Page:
Ads24's latest research, Path to Persuasion (P2P) reveals insights into maximising adspend and, with wave 3 and 4, completes its annual research initiative. The research reveals that different media types are more or less effective in persuading consumers at different stages of the path-to-purchase cycle.
The 'media P2P' takes consumers through seven stages: Introduction; Entertainment; Education; Information; Comparison; Persuasion and Affirmation (Retention).
Men do not like to listen and women like to be persuaded, while youngsters want to be entertained but not educated and considered but not persuaded. Youth are multiple channel consumers.
Brad Aigner CEO of Freshly Ground Insights, the research house responsible for conducting the P2P research study, unpacked the research methodology. The findings provided a window into the way men versus women and youth versus older adults make purchasing decisions.
The studies measured the media consumption habits of men versus women when buying a car, tyres and groceries and what the most suitable mix of media is to use at various stages on the P2P and likewise with youth (under 35) versus older adults (over 35) when purchasing clothes or groceries. The study finds that different media channels and media brands play very different roles in the delivery of information to consumers.
Vimla Frank, head of marketing & business strategy at Ads24 commented, "There is a clear and differentiating role for newspapers across multiple product categories. Consumers have become conditioned to know where to find the information they need. Every media channel plays seven information delivery roles to some extent. Overall, this research points to a positive future for print media."
Linda Gibson, CEO of Ads24 says, "Newspapers all over the world might be battling to hold onto flagging circulations. Yet this research release continues to suggest that there is a significant role for newspapers across multiple product categories and that newspapers remain a powerful media channel for advertisers."
Aigner commented, "Noting that calculating return on investment (ROI) is a common business practice, the research strives to repeat the exercise for return on media investment (ROMI), unarguably the advertiser's Holy Grail." In its quest to track it down, the company conducted an extensive study into consumers' media preferences with a view to determining the different roles that media channels and media brands play in the delivery of information to consumers.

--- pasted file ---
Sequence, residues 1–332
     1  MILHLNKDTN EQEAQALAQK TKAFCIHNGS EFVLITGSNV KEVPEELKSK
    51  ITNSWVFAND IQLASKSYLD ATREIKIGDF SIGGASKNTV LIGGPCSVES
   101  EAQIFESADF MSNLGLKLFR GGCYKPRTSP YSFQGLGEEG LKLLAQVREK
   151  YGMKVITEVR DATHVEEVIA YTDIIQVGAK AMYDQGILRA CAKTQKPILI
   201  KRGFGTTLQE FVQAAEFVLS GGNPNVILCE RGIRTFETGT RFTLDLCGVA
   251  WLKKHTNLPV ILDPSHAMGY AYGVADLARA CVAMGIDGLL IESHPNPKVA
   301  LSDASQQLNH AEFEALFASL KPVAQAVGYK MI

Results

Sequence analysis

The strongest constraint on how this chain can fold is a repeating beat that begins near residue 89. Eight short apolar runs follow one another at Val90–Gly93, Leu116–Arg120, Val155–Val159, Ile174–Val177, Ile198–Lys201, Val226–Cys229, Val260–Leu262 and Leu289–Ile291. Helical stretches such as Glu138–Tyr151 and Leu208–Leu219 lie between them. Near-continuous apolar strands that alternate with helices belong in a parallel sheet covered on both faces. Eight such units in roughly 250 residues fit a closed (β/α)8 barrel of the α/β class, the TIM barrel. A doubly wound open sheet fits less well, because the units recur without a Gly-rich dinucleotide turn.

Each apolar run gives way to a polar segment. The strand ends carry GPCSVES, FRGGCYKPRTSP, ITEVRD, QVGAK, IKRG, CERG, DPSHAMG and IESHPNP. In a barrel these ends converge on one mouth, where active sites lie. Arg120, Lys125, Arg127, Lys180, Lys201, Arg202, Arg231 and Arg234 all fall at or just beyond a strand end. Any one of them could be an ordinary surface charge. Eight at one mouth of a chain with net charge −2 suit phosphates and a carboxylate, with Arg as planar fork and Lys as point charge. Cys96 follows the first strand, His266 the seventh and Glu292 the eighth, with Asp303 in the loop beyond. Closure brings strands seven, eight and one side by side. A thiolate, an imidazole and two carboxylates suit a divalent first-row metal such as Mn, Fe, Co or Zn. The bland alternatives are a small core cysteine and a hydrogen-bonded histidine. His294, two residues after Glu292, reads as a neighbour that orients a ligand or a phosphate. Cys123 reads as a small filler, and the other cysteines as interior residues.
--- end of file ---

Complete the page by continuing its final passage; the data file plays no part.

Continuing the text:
"The need for measurability and 'empirical proof' that media brands have delivered positive returns on investment is critical to media owners wanting to retain and grow their market shares. The clarity of the research result has enabled the development of a media-neutral model for the measurement of media return on investment."
Path to purchase knowledge critical
Aigner emphasises the awareness among marketers of consumers' "path to purchase" in their buying behaviour process - a path that starts with awareness and ends with a purchase decision and action.
"Ultimately, the goal of marketing is to encourage consumers to make a positive buying decision at the end of the path to purchase. The intrinsic of different media types enable planners to engage with consumers in the right place at the right time with the correct message to take them a step closer to the end of the path to purchase."
Taking a line through the research results, Aigner recommends that media planners adopt a media mix in which each channel in the mix optimises its role in the media path to persuasion. "The best media strategy is one where the media mix is integrated optimally to drive consumers through every stage of the media path to persuasion."
His analysis of the research juxtaposed on the media P2P, highlights newspapers' ability, when combined with television, to deliver incremental value at the end of the path.
Frank added, "Newspapers deliver incremental and cost-efficient value at every stage of the path to persuasion. Indeed, in every case there is a clear and differentiating role for newspapers that delivers positive media return on investment for the brand being measured."
Bryan Gibson, MD of Third Wave Media says, "P2P helps in understanding both the purchase decision-making process by category and the role each information source plays. This is the sort of research that we need."
P2P is a qualitative survey, providing media neutral scores to guide the media selection process according to needs and objectives of varied product categories. Its research methodology consists of a qualitative, electronic (MAPI) data collection method.
A national study is conducted in four waves in June 2011, November 2011, December 2012 and April 2013 with roughly one thousand interviews, or slightly more, per wave. These samples are representative of twenty-one product category consumer profiles. The scope of the sample design was urban/peri-urban focused and quota controlled on LSM 4-10 consumers.
Respondents were selected at consumer convergence areas, demographically representative of the category as a whole, aligned with AMPS demographic profiles in six main geographical centres. The current P2P database of 4,500 respondents will yield reliable results to within a margin of error of 2% at the 95% confidence interval level.
In order to access the latest P2P research data, use the Ads24 Widget.
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